On a cold November night these two young musicians provided us with a feast of lovely music: Harry Nowakowski-Fox (piano) and Judith Choi-Castro (violin) – who perform and record as the Choi-Fox Duo.
The first half of this recital in the was devoted entirely to piano works played by Harry. He began with JS Bach’s Partita No2 in C Minor, very well known to the St Peter’s Church audience. The work begins with an opening sinfonia, which has three very different sections. We were treated to a very formal almost solemn grave section, which gives way to a lovely gentle andante before finishing with a two-part fugue in which Harry showed a thorough mastery of Bach’s familiar counterpart.
Then follow a series of dance movements, all very varied in speed and in mood. However it is in the last two movements, the rondeaux and finally the capriccio, where all the excitement lies. Technically demanding, Harry sailed through these movements at a cracking tempo, the notes just pouring from his finger tips.
The Chopin Barcarolle in F Sharp Major which followed is a very different piece. A barcarolle is based on the rhythm and mood of the ‘barcarola’, a song sung by Venetian gondoliers, and a source of inspiration to many nineteenth century composers. This one is lovely.
Harry articulated the rippling arpeggios which were reminiscent of sunlight on the waters of the Grand Canal, and poured much expression into the main theme, which is unmistakably Italian in its form.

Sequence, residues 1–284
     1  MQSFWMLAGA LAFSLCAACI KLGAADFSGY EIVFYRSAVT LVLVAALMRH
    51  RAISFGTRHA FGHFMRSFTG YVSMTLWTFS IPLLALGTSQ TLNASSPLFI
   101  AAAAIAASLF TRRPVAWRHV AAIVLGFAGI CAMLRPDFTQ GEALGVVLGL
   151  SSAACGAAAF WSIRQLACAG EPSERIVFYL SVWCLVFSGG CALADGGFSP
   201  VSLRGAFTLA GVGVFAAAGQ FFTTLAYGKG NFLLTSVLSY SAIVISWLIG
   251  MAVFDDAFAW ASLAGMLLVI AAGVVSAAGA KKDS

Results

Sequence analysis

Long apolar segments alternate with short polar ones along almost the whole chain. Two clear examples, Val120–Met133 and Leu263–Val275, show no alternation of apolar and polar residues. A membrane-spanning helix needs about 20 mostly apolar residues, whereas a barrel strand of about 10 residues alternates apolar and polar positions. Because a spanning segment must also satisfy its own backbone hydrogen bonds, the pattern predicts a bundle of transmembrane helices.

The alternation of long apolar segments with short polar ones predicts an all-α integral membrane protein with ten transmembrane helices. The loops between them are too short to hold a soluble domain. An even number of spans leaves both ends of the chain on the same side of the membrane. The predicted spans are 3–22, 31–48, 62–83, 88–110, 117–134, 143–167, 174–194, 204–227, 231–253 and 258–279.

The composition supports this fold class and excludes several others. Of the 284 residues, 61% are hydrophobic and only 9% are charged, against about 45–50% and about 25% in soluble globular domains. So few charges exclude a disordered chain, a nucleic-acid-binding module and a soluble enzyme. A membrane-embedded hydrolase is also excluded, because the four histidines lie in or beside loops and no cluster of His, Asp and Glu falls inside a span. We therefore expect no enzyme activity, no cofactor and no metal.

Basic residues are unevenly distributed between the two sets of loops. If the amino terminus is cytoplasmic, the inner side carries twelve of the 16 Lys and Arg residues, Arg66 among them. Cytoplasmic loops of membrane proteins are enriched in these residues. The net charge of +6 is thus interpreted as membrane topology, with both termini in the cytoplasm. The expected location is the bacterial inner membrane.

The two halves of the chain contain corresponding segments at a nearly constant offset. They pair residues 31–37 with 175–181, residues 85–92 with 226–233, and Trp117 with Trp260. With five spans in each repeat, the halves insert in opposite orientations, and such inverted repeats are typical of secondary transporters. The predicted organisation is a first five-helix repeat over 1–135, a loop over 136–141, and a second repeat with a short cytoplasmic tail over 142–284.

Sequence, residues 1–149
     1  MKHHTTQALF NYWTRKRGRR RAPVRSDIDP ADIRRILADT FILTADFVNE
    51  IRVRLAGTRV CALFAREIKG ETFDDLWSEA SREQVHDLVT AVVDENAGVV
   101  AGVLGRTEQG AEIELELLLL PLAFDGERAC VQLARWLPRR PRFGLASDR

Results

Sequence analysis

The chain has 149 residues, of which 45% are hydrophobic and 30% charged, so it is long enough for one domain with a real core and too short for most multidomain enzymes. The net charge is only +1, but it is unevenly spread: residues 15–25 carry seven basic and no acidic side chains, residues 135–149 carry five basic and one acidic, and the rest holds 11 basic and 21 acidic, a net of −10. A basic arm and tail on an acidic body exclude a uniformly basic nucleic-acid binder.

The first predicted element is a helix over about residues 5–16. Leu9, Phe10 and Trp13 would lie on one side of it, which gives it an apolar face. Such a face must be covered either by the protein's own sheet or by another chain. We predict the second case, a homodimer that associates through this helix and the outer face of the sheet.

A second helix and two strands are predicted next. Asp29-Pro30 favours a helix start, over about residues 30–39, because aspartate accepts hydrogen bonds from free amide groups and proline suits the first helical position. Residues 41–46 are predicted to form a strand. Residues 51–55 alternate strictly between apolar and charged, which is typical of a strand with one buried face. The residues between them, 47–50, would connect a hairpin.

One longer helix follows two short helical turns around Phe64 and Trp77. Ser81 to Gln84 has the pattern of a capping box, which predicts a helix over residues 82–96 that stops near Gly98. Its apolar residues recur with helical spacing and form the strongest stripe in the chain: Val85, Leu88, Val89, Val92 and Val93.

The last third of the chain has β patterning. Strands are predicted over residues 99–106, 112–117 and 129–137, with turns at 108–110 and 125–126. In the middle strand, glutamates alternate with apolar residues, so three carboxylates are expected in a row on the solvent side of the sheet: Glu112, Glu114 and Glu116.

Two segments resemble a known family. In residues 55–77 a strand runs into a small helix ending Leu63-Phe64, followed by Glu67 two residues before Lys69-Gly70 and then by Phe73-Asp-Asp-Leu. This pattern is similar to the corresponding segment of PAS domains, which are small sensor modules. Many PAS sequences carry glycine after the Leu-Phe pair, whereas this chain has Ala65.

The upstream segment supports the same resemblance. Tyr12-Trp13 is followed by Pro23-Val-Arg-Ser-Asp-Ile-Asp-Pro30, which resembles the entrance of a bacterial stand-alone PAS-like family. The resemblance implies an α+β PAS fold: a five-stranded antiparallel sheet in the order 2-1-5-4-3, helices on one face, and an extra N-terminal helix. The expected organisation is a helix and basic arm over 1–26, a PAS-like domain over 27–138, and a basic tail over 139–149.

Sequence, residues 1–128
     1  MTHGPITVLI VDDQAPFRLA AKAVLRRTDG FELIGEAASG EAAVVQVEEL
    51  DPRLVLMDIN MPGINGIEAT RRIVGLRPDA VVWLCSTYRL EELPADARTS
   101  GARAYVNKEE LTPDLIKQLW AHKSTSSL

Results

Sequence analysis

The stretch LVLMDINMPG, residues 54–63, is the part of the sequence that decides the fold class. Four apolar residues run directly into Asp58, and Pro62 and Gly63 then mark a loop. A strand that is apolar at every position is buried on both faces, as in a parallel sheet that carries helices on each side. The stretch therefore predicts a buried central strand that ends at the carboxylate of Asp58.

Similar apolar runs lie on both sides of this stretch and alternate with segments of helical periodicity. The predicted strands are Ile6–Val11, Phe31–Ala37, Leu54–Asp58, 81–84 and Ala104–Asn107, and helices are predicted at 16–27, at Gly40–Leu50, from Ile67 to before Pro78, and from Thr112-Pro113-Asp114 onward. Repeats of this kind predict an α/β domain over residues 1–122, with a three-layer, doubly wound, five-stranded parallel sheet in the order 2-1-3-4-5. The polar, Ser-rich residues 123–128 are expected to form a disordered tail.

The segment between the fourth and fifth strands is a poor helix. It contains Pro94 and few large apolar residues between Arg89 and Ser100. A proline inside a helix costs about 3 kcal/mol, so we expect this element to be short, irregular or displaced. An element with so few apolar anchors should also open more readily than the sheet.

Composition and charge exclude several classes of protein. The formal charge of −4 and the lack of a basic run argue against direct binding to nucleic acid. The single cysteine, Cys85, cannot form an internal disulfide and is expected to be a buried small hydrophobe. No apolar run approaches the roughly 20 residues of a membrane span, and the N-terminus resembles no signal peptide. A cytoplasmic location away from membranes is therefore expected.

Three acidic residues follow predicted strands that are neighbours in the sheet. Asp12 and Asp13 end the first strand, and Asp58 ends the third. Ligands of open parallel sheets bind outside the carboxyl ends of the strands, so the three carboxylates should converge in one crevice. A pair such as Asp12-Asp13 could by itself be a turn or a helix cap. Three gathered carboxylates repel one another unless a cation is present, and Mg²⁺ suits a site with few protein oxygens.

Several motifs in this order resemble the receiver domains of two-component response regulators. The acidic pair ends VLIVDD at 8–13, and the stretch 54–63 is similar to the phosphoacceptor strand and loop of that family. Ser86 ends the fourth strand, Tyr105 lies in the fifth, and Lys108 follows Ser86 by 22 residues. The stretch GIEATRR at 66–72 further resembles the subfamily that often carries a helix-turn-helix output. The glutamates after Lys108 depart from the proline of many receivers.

The great Piano Sonata no 21 in C major, the ‘Waldstein’, was a complete contrast. Here is one of Beethoven’s finest piano works. Two thunderous outer movements are separated by a short and reflective adagio. Harry played with huge confidence, mastering the bravado that this work demands, but, at the same time, highlighting the moments of quiet contemplation found therein.
The second half saw Harry back at the piano to accompany Judith in two well-established works for piano and violin duo. The first of these was Beethoven’s wonderful Violin Sonata in F Major which, thanks to its sunny and joyous character has been known as the ‘Spring’ sonata.
Its ‘uncomplicated’ light-heartedness makes a good contrast with the powerful Waldstein which had preceded it. You can’t help but smile from the first moment of this work. Judith gave us a very personal rendering, highlighting the sometimes very intimate ‘conversation’ between the violin and the piano. This was joy both to watch and to hear.
The concert finished with a violin sonata in F Major written in 1838 by a young and buoyant Mendelssohn. It is more complex than the Beethoven, and requires more attention from both the performer and the listener. There are serene moments where the elegant melodies are reminiscent of the Songs Without Words. These were played with great eloquence. However, it is the ‘dash for the finish’, the assai vivace, with its long and breathless passages of joyous fast notes passed from one instrument to the other that was memorable.
Played with youthful bravado, this was a worthy end to the concert. Perhaps, though, Saint Peter’s church is not an ideal acoustic for the violin and there were times when the balance between the two instruments was not good, and the quiet intimacy of the instrument was drowned out by the piano. Nevertheless this concert was recognised by many as one of the very best in these recent series of recitals by young musicians.